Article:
By: Elizabeth DiEmanuele and Emily Groleau

Most have read or at least heard of  William Shakespeare. As we whisper his name, we can hear the groans of the thousands of adolescents, begging to be freed from the wrath of his work. But, despite what popular culture wants us to believe, Shakespeare actually has a lot to offer behind all that 16th century prose. If he were here right now, he’d be that beloved teacher we’ve all had who begs us to think deeper and more creatively. In fact, what better way to learn than to start off with one of his most important lessons: when life gives you lemons, make spiked lemonade. This brilliance is best seen through his most clever and vindictive characters—the villains.

  1. Aaron, Titus Andronicus

Demetrius: Villain, what hast thou done?

Aaron: That which thou canst not undo.

Chiron: Thou hast undone our mother.

Aaron: Villain, I have done thy mother (4.2).

Lucius: Art thou not sorry for these heinous deeds?

Aaron: Ay, that I had not done a thousand more.

Even now I curse the day- and yet, I think,

Few come within the compass of my curse-

Wherein I did not some notorious ill;

As kill a man, or else devise his death;

Ravish a maid, or plot the way to do it;

Accuse some innocent, and forswear myself;

Set deadly enmity between two friends;

Make poor men’s cattle break their necks;

Set fire on barns and hay-stacks in the night,

And bid the owners quench them with their tears.

Woah, what? Is it possible that Shakespeare was the first inventor of a “your mama” joke? Don’t quote us on this—we really can’t be certain—but he certainly is the first one to make it burn. As Aaron cites a list of accomplishments, we can definitely agree that this is one over-achieving villain. When Aaron isn’t seducing powerful women or bragging about his ‘accomplishments’, he is the “chief architect” behind the violently systematic downfall of the House of Andronicus. He cleverly plants his own ideas into more susceptible ears, making others carry out terrible crimes, the worst being the rape of Lavinia. Moreover, Aaron carries out these plots under the facade of ‘ignorance’, which is unfortunately assumed due to his visible minority status. As a vice character, like the others on this list, Aaron is a caricature of evil. He over-indulges in his ‘vices’, making him a true villain who enjoys brewing his own lemonade.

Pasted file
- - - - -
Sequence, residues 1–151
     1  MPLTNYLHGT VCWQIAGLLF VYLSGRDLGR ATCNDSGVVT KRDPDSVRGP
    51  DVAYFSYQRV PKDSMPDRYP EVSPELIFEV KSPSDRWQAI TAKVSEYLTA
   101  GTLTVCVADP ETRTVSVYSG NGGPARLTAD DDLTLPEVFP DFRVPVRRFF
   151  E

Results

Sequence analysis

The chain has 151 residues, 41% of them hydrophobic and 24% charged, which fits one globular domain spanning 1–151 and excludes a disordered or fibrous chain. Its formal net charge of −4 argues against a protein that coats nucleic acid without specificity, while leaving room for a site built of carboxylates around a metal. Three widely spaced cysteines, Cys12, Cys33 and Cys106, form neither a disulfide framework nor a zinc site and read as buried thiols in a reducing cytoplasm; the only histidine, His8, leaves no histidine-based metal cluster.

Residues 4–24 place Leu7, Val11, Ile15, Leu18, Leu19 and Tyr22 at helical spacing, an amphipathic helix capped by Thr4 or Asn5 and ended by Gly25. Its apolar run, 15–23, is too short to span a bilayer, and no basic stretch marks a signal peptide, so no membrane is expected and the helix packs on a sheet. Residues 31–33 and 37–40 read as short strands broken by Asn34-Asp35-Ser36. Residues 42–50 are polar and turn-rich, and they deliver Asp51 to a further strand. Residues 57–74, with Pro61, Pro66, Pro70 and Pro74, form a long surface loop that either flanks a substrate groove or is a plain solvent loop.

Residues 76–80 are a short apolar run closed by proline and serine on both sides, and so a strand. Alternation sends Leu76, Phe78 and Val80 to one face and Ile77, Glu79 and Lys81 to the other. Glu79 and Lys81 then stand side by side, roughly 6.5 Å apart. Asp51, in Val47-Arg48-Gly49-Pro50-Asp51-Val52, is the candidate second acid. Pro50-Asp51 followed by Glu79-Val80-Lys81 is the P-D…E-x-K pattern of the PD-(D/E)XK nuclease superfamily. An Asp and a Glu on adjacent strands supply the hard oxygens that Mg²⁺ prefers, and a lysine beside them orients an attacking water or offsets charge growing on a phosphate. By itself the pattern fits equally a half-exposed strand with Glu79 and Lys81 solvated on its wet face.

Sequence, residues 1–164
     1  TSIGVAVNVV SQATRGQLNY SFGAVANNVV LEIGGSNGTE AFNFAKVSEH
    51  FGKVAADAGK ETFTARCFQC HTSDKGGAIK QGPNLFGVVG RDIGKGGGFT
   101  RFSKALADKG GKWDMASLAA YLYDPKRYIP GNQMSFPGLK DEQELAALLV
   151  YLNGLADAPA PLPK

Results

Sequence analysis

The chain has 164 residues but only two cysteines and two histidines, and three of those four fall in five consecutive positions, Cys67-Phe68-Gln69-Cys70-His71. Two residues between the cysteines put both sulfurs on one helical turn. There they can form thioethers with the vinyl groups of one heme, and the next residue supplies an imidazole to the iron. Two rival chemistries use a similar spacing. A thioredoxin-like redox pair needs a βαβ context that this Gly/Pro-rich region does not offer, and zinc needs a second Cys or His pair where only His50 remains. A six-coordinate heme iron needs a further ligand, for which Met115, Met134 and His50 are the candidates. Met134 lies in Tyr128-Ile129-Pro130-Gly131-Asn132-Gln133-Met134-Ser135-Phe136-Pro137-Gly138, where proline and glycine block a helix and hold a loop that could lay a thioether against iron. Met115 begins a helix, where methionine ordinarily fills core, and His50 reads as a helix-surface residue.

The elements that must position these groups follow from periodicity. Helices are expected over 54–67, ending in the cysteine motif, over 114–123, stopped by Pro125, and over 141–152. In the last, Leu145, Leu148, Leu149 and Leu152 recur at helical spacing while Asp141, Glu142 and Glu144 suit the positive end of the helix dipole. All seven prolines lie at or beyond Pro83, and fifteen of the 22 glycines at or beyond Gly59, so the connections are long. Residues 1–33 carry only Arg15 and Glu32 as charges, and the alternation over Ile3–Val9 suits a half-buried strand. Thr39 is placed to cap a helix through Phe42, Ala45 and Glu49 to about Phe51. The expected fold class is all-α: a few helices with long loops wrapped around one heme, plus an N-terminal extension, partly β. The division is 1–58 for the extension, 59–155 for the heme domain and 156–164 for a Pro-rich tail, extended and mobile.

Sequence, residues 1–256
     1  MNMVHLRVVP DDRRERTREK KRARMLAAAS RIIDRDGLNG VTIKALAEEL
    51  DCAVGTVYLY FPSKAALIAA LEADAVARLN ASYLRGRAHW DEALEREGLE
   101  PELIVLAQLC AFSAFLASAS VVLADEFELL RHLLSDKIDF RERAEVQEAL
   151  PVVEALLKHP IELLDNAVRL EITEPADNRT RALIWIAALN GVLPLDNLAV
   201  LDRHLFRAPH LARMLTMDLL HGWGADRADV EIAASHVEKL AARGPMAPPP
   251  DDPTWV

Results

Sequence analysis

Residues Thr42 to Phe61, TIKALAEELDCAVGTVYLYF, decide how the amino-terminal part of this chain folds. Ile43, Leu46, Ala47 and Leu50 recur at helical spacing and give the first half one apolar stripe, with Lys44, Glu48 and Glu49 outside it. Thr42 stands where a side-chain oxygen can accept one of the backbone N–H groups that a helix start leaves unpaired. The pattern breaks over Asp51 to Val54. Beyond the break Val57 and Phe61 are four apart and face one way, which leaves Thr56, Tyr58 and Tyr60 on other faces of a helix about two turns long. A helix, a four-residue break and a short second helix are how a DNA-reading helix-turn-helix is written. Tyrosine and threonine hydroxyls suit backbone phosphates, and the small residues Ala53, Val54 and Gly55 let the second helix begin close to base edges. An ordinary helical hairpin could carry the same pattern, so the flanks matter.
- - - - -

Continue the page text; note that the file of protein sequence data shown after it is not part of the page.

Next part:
1. Iago, Othello

And nothing can, nor shall content my soul,

Til I am even with him, wife for wife (2.1).

She did deceive her father, marrying you,

And when seemed to shake, and fear your looks,

She loved most (3.3).

Oh beware, my lord, of jealousy:

It is the green-eyed monster which doth mock

The meat it feeds on (3.3).

Bitter about not getting that promotion at work? Could he not prove his point more effectively by making up better Excel spreadsheets for the boss or something? We think Iago takes ‘colleague-rivalry’ to a whole new level. In Shakespeare’s Othello, Iago has two reasons behind his hatred for Othello: the first is being rejected for a promotion to Othello’s lieutenant in favour of Michael Cassio, the other is the belief that Othello is having an affair with his wife, Emilia. Iago’s revenge is, thus, a double take-down. Through intricate manipulations, ‘slips of the tongue’ and careful placement of a most beloved handkerchief, “honest Iago” has Othello believe that his obedient wife, Desdemona, is having an affair with Cassio. Iago’s cunningness, his ability to imply Desdemona’s guilt, the ‘blood-brothers’ oath of loyalty between Iago and Othello, where Iago ‘replaces’ Desdemona’s place as wife… these are all crimes of jealousy mixed with intelligence. In this way, Iago proves himself to be an incredibly gifted villain. We can’t help but wonder how someone so dedicated failed to get that promotion in the first place.

  1. Edmund, King Lear

Philip Winchester as Edmund in King Lear (2008)

Our father’s love is to the bastard Edmund

As to th’ legitimate. Fine word- ‘legitimate’!

Well, my legitimate, if this letter speed,

And my invention thrive, Edmund the base

Shall top th’ legitimate. I grow; I prosper.

Now, gods, stand up for bastards! (1.2)

I do serve you in this business.

[exit Edgar.]

A credulous father! and a brother noble,

Whose nature is so far from doing harms

That he suspects none; on whose foolish honesty

My practices ride easy! I see the business.

Let me, if not by birth, have lands by wit;

All with me’s meet that I can fashion fit (1.2).